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#564: Haitian-owned gallery opens (fwd)


Published Sunday, September 19, 1999, in the Miami Herald               
 Haitian-owned gallery opens
 Owner finds new showcase for artworks

 By HANS MARDY Herald Writer 

 When Maggie Dumay left Haiti in 1982 to join her father, Ben Almide,
who had migrated to the United States in the early '70s, she didn't know
how to appreciate a piece of art. Seventeen years later, Dumay has
opened L'Esprit des Arts (Spirit of Arts), the only Haitian-owned
gallery in Miami's Design District. The gallery is located at 1 NE 40th
St., Suite No. 4. ``L'Esprit des Arts translates into feelings,'' said
Dumay, 32, a 1994 graduate of Florida International University. ``Some
people experience some kinds of feelings when they see or possess a
piece of art.'' Dumay, who now lives in North Miami with her husband,
James, said her appreciation of art grew over the years. She didn't like
the subject in high school, but by the time she got to Miami-Dade
Community College's North Campus, she had developed an interest in it.
 ``Each artist strives to achieve a level of communication through their
work,'' said Dumay, who majored in business management at FIU. ``At
L'Esprit des Arts, this level of communication of the artist is well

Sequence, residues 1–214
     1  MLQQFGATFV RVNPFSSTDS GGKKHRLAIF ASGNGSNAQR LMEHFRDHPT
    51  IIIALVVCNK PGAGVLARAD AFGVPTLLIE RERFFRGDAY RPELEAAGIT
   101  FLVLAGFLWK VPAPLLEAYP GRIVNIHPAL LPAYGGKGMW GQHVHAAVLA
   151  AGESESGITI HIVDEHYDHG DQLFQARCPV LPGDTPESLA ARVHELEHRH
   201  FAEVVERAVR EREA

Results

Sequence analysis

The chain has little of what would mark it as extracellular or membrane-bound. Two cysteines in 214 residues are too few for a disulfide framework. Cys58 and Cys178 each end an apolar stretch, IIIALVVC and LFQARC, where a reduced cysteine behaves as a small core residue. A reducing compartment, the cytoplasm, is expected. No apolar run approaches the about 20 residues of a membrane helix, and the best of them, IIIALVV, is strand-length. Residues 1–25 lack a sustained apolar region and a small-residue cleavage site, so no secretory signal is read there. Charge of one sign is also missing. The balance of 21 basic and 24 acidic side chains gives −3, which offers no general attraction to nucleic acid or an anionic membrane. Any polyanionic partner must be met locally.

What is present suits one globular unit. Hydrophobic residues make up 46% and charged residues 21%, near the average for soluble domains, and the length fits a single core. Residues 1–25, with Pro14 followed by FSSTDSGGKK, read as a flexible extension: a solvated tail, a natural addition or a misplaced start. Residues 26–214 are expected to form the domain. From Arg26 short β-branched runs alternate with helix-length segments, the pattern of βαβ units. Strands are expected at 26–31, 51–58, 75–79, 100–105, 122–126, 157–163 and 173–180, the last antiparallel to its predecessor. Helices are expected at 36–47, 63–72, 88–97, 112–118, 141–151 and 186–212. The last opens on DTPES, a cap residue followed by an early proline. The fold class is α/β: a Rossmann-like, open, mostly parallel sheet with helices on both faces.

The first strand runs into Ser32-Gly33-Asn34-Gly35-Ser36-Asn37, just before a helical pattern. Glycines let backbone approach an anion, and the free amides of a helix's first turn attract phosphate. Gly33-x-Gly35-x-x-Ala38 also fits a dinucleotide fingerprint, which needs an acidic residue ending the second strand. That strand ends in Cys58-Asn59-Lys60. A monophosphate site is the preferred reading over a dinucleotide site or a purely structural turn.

recognized by allowing them to display their work and open their door to
the public.'' The Dumay family spent several thousand dollars to open
the gallery in a commercial site located close to Little Haiti.
 Dumay imported art from different Caribbean and Latin American
countries, including Haiti, the Dominican Republic, Jamaica, Venezuela
and Mexico. She also bought works from several local artists to adorn
the gallery. Last week, the Dumays held an open house, with more than 50
people in attendance. Several of them bought some valuable pieces of art
to support the family effort. ``People should see that place,'' said
Roberson Brown, director of Prepaid Legal Services of Florida, 1395 NW
167th St. He attended the four-hour open house and was impressed with
the changes he saw in the 1,500-square-foot room, which was redone by
the Dumays. ``She put so much effort into it. Now it appears to be a
business that been established for years. I wish her good luck. She has
to keep her vision in doing good work.'' Dumay said she hopes the
gallery will expand and become a home for many more artists from other
countries in the Caribbean and Latin America. Dumay said she also hopes
the South Florida community will get involved. ``The community can help
by being aware of the existence of the gallery. They can refer visitors
who are in search for those types of artworks to the gallery,'' Dumay